Are we now increasingly working in hostile environments?
As we continue to work from home due to COVID-19 and a shift in our working practises and business models brought on by the pandemic, we need to consider that we are moving our business activities into potential hostile environments outside the safe confines of our office security systems.
Out of a need to move quickly we have all been learning how to connect remotely from our personal devices and how to continue business within our new work environment. But, what may have be left out of your considerations is how secure is this new work environment. Also, how many new work environments does my business now have which I currently have little or no control over? Each employee working from home will have their own unique setup within their household for their own personal IT. What we need to consider is this: was this setup with business in mind?
The answer will likely be no as before now, unless they worked from home as part of their contract, the most they might have done remotely is to check emails on their home network via webmail or on their phone. What their home setup will predominately be catering for is their personal use: entertainment, children, life admin! The security setup will depend on their personal interest in IT and their appetite for risk. If they are a security conscious individual concerned with internet safety they may have anti-virus software on personal laptops and have changed the default password on their router (if they know how to do this). However, they could also have no software and have left the default password on their router as supplied from the manufacturer resulting in every hacker in the world knowing the password for their router in fact a 10 second internet search will likely provide the password to anyone that wants it.
This is where our term “hostile environment” comes into play. When you ask employees to work from home, whether using company issued devices or not, you are introducing a new network into your business network parameters. This means to ensure your network security is comprehensive you need to consider each employee who works from home as a satellite office and part of your overall IT network. Ask the questions would you allow your employee to take commercially sensitive files out of the office and leave them in an unlocked home overnight? This is effectively what you maybe doing with your electronic files.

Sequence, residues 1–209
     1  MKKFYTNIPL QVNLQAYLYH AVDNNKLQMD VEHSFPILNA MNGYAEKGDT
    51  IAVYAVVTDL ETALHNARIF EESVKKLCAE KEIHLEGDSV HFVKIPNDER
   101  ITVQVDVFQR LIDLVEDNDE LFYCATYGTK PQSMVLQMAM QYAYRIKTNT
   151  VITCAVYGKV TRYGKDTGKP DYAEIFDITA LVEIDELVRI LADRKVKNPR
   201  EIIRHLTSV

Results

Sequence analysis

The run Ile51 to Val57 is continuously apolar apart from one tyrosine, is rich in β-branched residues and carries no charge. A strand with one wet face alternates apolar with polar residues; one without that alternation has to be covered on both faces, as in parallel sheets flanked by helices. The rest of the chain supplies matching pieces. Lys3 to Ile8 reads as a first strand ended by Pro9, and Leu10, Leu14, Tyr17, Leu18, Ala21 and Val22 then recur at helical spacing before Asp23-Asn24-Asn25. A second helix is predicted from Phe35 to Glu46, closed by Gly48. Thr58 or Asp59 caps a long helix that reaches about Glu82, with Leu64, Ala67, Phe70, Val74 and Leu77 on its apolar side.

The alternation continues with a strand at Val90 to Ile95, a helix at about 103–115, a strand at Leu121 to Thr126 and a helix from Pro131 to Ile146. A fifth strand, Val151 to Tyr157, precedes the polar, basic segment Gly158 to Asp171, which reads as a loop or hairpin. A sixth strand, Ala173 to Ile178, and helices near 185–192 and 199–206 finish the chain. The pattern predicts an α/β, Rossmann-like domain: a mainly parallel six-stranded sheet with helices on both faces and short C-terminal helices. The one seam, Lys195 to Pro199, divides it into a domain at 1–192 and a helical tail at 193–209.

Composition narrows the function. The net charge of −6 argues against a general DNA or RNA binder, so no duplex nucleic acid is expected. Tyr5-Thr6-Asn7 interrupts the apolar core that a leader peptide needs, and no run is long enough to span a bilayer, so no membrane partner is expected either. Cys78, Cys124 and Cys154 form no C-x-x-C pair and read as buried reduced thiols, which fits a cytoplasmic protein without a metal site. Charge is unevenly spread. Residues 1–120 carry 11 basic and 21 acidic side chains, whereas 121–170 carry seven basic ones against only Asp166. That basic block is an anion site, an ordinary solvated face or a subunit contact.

Now we’re not trying to panic anyone and we’re not saying that you need to stop people working from home, quite the opposite! Working from home has been vital for many businesses during COVID-19 and will probably continue with many workers afterwards. Here at MJD we’ve been working hard with our clients to set everyone up with safe and secure work from home solutions to allow them to protect their workforce and their business as best they can from the effects of the pandemic. What we want is to increase the awareness of the security risks posed from the work from home movement and highlight that there are some key tools to implement to increase your opportunities and decrease your threats because of working from home.
In fact have you considered the fact that your employee could be in the kitchen making a cup of tea while other members of the family may have access to the computer and ultimately your valuable business information and whilst not being malicious children can be very inquisitive and can cause a lot of damage deleting things in the 5 minutes that the pc is unsupervised?
First and foremost, if your employee is working from home using a personal device it is highly recommended to make sure you have a Bring Your Own Device policy in place and that a stipulation of this is that a company approved anti-virus and anti-malware software is installed. The National Cyber Security Centre have a fantastic advice document on their website on Bring Your Own Device policies which can be found here.
The team here at MJD can help you to implement such a policy and we can recommend suitable Remote Access software to help you manage this policy for mobile devices, laptops and PCs.
An IT policy should also be implemented alongside your BYOD policy, which we recently wrote a blog article on and can be read here. This will help to protect the business should any IT hardware or services provide by the business to your employees be used outwith the manner agreed to and intended for while in the work from home and office environments.
A password manager should also be utilised to ensure the secure management of company passwords and allow employees to share credentials in a safe and secure method. You can even share read only view permissions between members of your organisation so they can login but not view or edit the password themselves.
We would also recommend the use of Email Encryption for members of your organisation who require to send confidential or sensitive information. This allows you to add a further layer or security on your business communications in these new hostile environments. We recently wrote a blog article on email encryption which you can read here.
This is by no means an exhaustive guide on to how to fully protect your IT network and business in the work from home environment, but is a good starting point to encourage discussion and planning on the area. If you have any questions about your remote setups or would like advice or guidance on improving your work from home security please don’t hesitate to get in touch with the team here at MJD.